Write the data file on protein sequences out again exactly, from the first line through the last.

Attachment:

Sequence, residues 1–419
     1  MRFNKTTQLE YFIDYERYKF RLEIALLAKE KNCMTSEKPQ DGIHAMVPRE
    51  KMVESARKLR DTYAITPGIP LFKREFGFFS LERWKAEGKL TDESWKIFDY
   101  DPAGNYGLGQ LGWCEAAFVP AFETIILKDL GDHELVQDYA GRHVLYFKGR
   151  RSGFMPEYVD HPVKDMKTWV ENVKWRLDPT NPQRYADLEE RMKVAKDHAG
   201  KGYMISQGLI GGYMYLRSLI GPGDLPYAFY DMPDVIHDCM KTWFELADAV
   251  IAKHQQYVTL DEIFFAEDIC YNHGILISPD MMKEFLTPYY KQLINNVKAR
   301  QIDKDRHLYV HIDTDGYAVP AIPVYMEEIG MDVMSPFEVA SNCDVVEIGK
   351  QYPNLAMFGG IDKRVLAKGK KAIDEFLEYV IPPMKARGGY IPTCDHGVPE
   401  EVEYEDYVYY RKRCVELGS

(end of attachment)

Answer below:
Sequence, residues 1–419
     1  MRFNKTTQLE YFIDYERYKF RLEIALLAKE KNCMTSEKPQ DGIHAMVPRE
    51  KMVESARKLR DTYAITPGIP LFKREFGFFS LERWKAEGKL TDESWKIFDY
   101  DPAGNYGLGQ LGWCEAAFVP AFETIILKDL GDHELVQDYA GRHVLYFKGR
   151  RSGFMPEYVD HPVKDMKTWV ENVKWRLDPT NPQRYADLEE RMKVAKDHAG
   201  KGYMISQGLI GGYMYLRSLI GPGDLPYAFY DMPDVIHDCM KTWFELADAV
   251  IAKHQQYVTL DEIFFAEDIC YNHGILISPD MMKEFLTPYY KQLINNVKAR
   301  QIDKDRHLYV HIDTDGYAVP AIPVYMEEIG MDVMSPFEVA SNCDVVEIGK
   351  QYPNLAMFGG IDKRVLAKGK KAIDEFLEYV IPPMKARGGY IPTCDHGVPE
   401  EVEYEDYVYY RKRCVELGS